A disinfectant should then be used. Regular 5.25% household bleach is an excellent disinfectant choice— it is inexpensive; has low toxicity and is not usually irritating to the skin; is fast acting; and is very effective not only against HCV, but also other blood-borne viruses (e.g., HIV, Hepatitis B virus), bacteria and fungi. It can be diluted with water to make a 1:10 to 1:100 bleach solution. The diluted solution should be prepared fresh, since bleach degrades over time when exposed to air or light. It can be wiped onto the surface with a towel and left to air dry, or poured onto the affected area and then wiped up with disposable paper towels after 10 minutes. An effective, alternative disinfectant for use on colour-sensitive fabrics or materials is 70% isopropyl alcohol, full strength, and applied in the same manner as described for bleach.
Gloves can then be carefully removed and disposed of in the regular household garbage along with the used paper towels. Reusable gloves can be rinsed in water and dipped or wiped in disinfectant and allowed to air dry. Finally, don’t forget to wash your hands.
Because there is no effective neutralizing antibody or vaccine for preventing HCV transmission, HCV can be transmitted to health care workers through accidental needlesticks. In a study reported in the journal Clinical Infectious Diseases, after the clinical onset of acute hepatitis, two health care workers who had sustained accidental needlesticks were treated with interferon (total dose, similar to 300 mega units).
Neither individual developed chronic hepatitis. This finding raises the possibility that treatment with low-dose interferon following an accidental needlestick may be beneficial, even when it is started after the clinical onset of hepatitis. (“Early Therapy with Interferon for Acute Hepatitis C Acquired Through a Needlestick.” Clinical Infectious Diseases, May 1997;24(5):992-994.)
Another study showed 100% 2-year sustained viral response with alpha interferon monotherapy for acute hepatitis C. In a small study with seven patients, high-dose treatment for one year (5 mil daily for was 12 weeks, followed by 3 MIU 3-times weekly for 40 weeks. This represents a total alpha interferon dose of 780 MIU. The results were that all seven of the seven treated patients (100%) with acute HCV infection had a sustained viral response two years after completing therapy.
By contrast, only two of ten (20%) of those with chronic hepatitis C in the comparative arm achieved a sustained viral response. The difference was statistically significant (Digestive Disease Week 2000).
One health worker was treated successfully with short term therapy of IFN alpha plus ribavirin for 3 months. (Acta Gastroenterol Belg. 2005 Jan-Mar;68(1):104-6.)
If you have hepatitis C, you are under no legal obligation to tell others. However, the law may change. Right now, it is up to you to decide whether to tell anyone of your hepatitis C status. Some people (and unfortunately some health care providers also) may have judgmental attitudes or unnecessarily exaggerated fears of infection.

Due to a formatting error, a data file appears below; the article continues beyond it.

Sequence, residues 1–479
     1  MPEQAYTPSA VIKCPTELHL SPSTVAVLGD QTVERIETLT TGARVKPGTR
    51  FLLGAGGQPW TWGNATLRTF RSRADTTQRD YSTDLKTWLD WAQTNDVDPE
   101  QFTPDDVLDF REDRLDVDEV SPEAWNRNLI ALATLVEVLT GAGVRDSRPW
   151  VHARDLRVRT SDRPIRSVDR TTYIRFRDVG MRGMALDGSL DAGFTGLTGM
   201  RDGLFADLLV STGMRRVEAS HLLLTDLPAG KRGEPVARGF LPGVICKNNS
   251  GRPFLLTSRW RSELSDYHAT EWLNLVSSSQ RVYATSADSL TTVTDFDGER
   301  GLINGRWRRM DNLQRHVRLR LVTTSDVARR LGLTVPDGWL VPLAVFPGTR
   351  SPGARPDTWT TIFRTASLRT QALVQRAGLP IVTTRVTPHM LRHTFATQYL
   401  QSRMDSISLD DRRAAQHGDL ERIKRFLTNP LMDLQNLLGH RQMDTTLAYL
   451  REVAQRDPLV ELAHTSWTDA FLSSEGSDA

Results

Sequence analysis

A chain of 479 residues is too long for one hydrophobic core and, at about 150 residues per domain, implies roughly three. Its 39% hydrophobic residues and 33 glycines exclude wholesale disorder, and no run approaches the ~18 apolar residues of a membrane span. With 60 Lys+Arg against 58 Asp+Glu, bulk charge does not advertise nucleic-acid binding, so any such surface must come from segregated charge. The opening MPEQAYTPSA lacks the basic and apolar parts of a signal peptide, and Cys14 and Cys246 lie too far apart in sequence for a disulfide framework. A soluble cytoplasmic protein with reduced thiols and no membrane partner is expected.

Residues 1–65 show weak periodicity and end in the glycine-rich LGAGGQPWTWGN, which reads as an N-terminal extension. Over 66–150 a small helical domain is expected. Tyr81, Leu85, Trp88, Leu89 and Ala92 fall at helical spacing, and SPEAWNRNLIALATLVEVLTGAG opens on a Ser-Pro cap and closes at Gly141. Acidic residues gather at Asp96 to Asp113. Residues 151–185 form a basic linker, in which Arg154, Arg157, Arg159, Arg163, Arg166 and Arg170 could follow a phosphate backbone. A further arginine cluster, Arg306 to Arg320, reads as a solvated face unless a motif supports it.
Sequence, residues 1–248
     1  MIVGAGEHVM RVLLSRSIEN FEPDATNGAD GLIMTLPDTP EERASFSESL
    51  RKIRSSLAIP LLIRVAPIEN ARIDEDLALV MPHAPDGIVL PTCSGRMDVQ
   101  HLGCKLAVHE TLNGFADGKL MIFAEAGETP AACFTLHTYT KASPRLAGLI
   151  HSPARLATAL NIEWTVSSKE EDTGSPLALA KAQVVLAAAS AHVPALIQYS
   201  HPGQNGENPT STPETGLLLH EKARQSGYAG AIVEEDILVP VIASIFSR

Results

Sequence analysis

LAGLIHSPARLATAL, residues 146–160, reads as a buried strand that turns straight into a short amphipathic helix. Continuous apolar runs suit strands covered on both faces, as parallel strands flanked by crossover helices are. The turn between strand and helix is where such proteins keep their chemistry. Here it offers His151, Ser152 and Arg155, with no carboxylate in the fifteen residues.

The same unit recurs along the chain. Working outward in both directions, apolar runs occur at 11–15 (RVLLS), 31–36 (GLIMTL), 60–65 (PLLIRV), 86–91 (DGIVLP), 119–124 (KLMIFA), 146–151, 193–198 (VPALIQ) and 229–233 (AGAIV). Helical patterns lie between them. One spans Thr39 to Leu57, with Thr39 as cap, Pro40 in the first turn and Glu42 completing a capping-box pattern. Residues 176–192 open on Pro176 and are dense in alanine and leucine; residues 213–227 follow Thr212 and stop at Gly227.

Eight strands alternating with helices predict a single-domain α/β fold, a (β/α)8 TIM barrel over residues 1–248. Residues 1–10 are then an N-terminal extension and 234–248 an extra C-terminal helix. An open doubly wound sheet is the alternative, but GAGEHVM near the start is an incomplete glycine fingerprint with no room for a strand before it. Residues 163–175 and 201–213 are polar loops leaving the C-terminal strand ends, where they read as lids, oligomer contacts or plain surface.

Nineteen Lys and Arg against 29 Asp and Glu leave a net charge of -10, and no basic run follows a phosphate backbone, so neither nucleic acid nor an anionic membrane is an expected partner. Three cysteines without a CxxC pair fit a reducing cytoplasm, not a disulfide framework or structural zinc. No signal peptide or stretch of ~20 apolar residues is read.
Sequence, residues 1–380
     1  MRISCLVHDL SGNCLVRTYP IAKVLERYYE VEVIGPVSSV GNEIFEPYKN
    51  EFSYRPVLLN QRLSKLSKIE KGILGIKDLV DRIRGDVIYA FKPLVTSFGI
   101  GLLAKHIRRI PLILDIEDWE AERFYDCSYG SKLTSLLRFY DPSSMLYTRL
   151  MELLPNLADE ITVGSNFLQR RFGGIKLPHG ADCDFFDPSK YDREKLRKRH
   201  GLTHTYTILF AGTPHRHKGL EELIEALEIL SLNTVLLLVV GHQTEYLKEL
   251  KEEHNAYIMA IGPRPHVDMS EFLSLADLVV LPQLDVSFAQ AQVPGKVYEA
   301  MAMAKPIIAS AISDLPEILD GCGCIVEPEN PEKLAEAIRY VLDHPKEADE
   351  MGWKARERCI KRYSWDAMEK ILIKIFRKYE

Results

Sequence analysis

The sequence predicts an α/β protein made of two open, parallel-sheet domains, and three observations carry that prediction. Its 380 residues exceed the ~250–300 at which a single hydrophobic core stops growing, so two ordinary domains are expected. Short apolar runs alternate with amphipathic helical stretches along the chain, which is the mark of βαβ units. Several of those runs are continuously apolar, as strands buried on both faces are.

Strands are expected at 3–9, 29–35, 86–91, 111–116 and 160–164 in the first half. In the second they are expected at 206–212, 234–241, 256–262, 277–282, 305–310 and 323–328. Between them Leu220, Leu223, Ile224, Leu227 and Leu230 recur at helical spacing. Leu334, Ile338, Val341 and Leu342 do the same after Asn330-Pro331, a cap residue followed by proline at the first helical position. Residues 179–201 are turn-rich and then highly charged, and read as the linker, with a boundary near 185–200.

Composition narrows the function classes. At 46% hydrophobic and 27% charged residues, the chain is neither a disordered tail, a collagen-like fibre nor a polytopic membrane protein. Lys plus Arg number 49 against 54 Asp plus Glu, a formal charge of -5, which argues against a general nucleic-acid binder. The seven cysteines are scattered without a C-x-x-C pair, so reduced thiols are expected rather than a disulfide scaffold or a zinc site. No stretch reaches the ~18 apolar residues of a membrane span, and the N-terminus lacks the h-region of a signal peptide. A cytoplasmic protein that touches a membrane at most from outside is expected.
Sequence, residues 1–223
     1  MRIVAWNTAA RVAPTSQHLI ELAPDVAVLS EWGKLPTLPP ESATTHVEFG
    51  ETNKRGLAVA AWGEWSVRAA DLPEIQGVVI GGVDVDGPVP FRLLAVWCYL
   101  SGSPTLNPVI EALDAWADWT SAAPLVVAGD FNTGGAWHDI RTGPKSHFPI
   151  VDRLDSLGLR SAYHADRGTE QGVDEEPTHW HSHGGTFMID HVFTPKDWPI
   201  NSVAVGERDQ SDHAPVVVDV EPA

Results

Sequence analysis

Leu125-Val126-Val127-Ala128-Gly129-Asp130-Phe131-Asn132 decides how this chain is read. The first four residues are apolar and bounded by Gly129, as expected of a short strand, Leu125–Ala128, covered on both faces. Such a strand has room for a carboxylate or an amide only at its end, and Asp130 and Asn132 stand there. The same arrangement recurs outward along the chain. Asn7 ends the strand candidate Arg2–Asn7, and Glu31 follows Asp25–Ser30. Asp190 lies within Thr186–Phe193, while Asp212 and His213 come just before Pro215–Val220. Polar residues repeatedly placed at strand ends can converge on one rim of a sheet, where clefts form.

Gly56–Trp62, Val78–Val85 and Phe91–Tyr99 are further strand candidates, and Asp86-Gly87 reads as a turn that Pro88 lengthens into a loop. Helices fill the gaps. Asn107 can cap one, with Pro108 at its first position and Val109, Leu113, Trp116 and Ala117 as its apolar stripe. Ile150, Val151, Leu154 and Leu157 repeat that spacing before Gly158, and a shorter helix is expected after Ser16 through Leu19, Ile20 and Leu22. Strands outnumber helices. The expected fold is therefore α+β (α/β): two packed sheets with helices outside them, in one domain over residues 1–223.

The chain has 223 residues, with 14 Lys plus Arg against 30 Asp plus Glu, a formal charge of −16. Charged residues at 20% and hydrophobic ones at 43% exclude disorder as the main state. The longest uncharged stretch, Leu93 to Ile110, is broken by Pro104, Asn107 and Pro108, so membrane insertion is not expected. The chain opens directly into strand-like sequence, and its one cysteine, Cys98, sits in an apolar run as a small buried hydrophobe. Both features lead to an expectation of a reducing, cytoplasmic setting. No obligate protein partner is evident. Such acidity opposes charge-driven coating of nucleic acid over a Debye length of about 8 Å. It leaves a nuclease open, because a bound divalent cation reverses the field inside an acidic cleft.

People should carefully consider whom they inform, in the light of possible discrimination. How people might have caught the virus is not important. Those who have the hepatitis C virus are covered by anti-discrimination laws.
Recent cases where patients have been infected by physicians has raised the ethical issue of whether or not infected physicians should be banned form performing invasive procedures. So far nothing has been done in this respect (Milbank Q 1999;77(4):511-29) Infected physicians and invasive procedures: national policy and legal reality; Rev Med Virol 2000 Mar;10(2):75-78 Surgeons who test positive for hepatitis C should be transferred to low risk duties).
Surgeons infected with HCV in Germany are allowed to perform surgery with approval of a committee of experts which takes into account the individual situation, such as viral load. (Bundesgesundheitsblatt Gesundheitsforschung Gesundheitsschutz. 2004 Apr;47(4):369-78.)
Once you completely recover from hepatitis A or B you can’t get it again, although in some people the condition becomes chronic and can last their whole lives. But since there are at least five different viruses that cause hepatitis, you can get one of the others (though not D if you are immune to B). Becoming infected with B and C at the same time may actually cause a much more severe, dangerous case of hepatitis. A person who has recovered from a case of viral hepatitis could also develop hepatitis again due to other causes, such as alcohol or drugs.
If you have had hepatitis C and clear the virus, you can become infected with it again, or you can become co-infected with more than one genotype. Because there are so many different genotypes of hepatitis C, and because the virus mutates so rapidly, natural immunity is not developed. Studies have shown chimpanzees that have recovered from acute hepatitis C became sick again when re-exposed to the same strain of the virus.